It’s customary for superintendents to address principals before teachers return to classes for the start of the fall semester. Determining how much of the content is merely rhetoric is hard to tell. After all, superintendents want to be seen as inspirational leaders.
A case in point is John Deasy, the new superintendent of the Los Angeles Unified School District, the nation’s second largest. In his first formal speech to administrators, Deasy promised to help principals do their jobs better by dismantling an “ossified” bureaucracy that stands in the way (“LAUSD’s John Deasy stresses administrator responsibility, promises aid,” Los Angeles Times, Aug. 25).
How Deasy intends to achieve this goal remains unclear. I say that because I heard similar promises when I was a teacher in the LAUSD for 28 years. But the Puzzle Palace, which is what the headquarters of the district is sometimes called, never underwent a metamorphosis. Yes, there were many superficial changes, but they did not amount to much.
The closest that Deasy has come so far to making public the specifics is an op-ed that he wrote for the Los Angeles Times on Jul. 31 (“The contract L.A. Unified needs”). He acknowledged that “we are currently negotiating the most important labor contract in the history of the Los Angeles Unified School District.” He then went on to list five contract components that he deemed essential to improve schools: mutual consent in hiring, a robust and meaningful evaluation system, a better process for granting tenure, compensation reform, and no cap or limits on teacher-led reforms and innovations.
Deasy said that the current contract restricts the district from implementing these changes. He ended the op-ed by writing: “The provisions outlined above would honor the great teaching and leadership that go on in this district every day. They would be good for students. And they would be good for teachers.”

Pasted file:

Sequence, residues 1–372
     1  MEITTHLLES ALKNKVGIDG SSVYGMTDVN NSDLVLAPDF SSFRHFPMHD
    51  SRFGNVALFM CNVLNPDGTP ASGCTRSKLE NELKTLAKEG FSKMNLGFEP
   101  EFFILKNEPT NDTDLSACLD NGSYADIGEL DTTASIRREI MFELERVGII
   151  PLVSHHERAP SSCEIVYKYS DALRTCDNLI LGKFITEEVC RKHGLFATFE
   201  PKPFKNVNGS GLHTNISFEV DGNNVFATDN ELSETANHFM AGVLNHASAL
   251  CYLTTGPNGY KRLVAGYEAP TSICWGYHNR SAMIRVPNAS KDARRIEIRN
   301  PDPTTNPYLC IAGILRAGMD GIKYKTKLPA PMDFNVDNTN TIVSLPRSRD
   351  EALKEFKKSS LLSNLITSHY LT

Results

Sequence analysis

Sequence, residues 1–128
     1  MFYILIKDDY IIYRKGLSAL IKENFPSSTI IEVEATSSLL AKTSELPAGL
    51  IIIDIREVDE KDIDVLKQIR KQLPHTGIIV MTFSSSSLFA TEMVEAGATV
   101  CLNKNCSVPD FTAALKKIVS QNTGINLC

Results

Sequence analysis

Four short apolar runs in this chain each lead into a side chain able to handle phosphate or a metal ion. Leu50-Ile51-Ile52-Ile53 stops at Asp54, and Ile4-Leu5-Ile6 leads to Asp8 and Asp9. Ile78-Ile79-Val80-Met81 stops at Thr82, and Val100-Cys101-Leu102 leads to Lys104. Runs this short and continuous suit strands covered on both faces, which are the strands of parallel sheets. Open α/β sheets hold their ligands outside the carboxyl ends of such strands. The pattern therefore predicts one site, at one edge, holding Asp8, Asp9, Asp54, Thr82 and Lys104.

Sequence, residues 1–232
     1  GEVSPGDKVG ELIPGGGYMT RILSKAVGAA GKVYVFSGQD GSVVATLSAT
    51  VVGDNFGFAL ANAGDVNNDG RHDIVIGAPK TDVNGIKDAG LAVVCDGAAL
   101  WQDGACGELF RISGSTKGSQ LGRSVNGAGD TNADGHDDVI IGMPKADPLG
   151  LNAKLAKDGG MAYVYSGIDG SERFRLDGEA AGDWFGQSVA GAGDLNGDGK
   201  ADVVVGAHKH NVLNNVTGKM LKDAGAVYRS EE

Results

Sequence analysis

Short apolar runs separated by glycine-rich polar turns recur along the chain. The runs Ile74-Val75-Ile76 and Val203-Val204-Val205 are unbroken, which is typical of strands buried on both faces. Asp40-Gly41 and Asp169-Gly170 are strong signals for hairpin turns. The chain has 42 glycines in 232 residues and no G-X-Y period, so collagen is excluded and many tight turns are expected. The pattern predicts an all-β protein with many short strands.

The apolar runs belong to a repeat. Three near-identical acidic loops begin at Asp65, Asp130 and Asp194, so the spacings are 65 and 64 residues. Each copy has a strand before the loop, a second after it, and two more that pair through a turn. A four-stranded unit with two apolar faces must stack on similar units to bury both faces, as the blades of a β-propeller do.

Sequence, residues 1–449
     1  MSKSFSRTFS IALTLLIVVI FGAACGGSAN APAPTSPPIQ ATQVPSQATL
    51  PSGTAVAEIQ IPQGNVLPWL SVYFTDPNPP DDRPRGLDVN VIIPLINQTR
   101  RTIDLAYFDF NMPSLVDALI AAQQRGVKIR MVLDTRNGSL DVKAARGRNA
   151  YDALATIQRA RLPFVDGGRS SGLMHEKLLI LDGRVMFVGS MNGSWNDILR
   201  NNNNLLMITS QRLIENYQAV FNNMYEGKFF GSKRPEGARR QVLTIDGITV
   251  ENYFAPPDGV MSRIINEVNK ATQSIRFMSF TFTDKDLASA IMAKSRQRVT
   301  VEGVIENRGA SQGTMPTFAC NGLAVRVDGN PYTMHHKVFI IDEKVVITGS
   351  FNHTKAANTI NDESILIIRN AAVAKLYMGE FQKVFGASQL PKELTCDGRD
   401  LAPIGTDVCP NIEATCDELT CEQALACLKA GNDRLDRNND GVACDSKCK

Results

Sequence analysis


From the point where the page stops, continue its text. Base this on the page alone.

Putting aside the merit of these five points until another time, I’d like to know what Deasy plans to do about the administrative bloat in the district. To date, he has been mute about the subject, except for admitting ossification. If the district is as hidebound as he claims, then it behooves him to address the matter as quickly as possible.
But I remain skeptical about his ability in this particular domain. As Larry Cuban wrote in a Commentary in Education Week on Aug. 27, 2008 (“The Turnstile Superintendency”), there are limits to fundamental changes inherent in urban districts. “Here are social institutions strongly affected by a city’s demography, history, and economy - and by deeply embedded, often unbending socioeconomic structures in the larger society. Here are institutions constantly dealing with the human consequences of neglect and discrimination among poor and minority families.”
I wish Dealy well. But I think he will be like an acrobat in the spotlight high above the crowd in the circus, where one misstep can be fatal. Los Angeles is a city with huge disparities in wealth and vast differences in culture. His performance amid these conditions will be closely watched.
The opinions expressed in Walt Gardner’s Reality Check are strictly those of the author(s) and do not reflect the opinions or endorsement of Editorial Projects in Education, or any of its publications.